Your questions and observations are, reliably, thoughtful and informed and passionate, and please know that every last one -- even the ones wishing me incurable athlete's foot -- are read. Think of this as a sincere invitation to belly up to the bar in '09 and we'll do it again.

The votes have been certified by PricewaterhouseCoopers and Jack Valenti. The envelopes please for the 2008 Baggies. ....

Player of the Year, Men:

Had Rafael Nadal somehow managed to have won the U.S. Open, he would have compiled the most decorated men's season in the Open Era. As it was, he won the French Open for the fourth straight time, took an Olympic gold in Beijing, beat Roger Federer in the epic Wimbledon final and finished with the top ranking. Vamos, indeed.

Player of the Year, Women:

The top of the WTA resembled nothing so much as a revolving door, what with the incumbent (Justine Henin) quitting, the heiress apparent (Maria Sharapova) unhealthy, and the four Majors providing us with four different winners. The indefatigable (and blessedly candid) Jelena Jankovic deserves much credit for finishing at No.1. But, working on the assumption that the MVP must have won at least one Major, the vote here goes to Venus Williams. She not only won Wimbledon yet again but backed it up by taking the year-end Championships title.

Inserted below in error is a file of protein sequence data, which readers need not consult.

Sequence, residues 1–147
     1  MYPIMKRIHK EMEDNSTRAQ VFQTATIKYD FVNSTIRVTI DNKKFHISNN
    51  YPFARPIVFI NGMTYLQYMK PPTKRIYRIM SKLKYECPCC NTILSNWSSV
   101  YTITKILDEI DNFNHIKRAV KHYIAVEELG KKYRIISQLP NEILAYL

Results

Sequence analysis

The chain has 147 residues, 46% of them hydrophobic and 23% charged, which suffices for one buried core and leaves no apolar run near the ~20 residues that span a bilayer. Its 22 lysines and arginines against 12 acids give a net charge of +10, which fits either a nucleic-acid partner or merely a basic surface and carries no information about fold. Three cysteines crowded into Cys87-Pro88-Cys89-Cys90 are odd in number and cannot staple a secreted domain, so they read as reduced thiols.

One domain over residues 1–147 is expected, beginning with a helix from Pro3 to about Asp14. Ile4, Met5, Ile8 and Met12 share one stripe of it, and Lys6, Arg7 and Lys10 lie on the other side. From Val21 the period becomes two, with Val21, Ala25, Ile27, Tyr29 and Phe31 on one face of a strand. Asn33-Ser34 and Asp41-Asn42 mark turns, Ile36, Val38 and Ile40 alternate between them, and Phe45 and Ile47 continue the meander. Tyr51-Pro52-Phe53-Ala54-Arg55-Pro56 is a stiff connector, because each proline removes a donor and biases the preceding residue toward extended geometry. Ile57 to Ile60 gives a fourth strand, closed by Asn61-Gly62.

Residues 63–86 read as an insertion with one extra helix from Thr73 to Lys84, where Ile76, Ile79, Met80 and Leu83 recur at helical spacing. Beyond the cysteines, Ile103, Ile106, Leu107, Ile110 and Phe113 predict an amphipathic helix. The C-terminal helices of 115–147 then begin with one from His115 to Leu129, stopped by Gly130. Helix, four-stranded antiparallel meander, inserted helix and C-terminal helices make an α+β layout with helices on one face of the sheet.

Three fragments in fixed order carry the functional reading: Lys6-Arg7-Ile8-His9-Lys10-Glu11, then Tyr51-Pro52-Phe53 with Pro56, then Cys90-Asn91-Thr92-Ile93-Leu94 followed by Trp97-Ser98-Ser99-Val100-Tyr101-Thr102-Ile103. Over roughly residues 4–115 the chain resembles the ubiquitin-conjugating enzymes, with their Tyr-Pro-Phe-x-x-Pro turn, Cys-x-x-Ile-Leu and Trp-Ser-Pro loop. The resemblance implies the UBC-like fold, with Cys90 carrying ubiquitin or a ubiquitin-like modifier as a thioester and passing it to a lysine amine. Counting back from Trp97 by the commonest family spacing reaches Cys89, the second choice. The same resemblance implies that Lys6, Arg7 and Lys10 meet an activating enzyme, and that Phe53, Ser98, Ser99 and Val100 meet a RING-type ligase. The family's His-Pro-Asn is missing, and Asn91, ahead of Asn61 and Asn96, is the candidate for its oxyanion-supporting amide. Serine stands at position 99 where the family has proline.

Newcomer of the Year, Men:

Marin Cilic: Croatian Sensation cracks twenty-five before his 20th birthday, thereby edging out Kei Nishikori and Ernests Gulbis.

Newcomer of the Year, Women:

Caroline Wozniacki: A very good Dane -- if not a great Dane -- eighteen-year-old started the season outside the top 50 and finished near the top 10.

Comeback Player of the Year, Men:

Robin Soderling: Swede recovers from wrist injury and finishes season at No. 17.

Comeback Player of the Year, Women:

Anna-Lena Groenefeld: After two years in the abyss, former top 20 player is on the way back to where she once belonged.

Coach of the Year, Men:

Toni Nadal: If his English were better (or, alternatively, our Spanish were better), we'd be calling him the Yoda of Tennis.

Coach of the Year, Women:

Oracene Williams: Another multiple Slam year for Williams mere.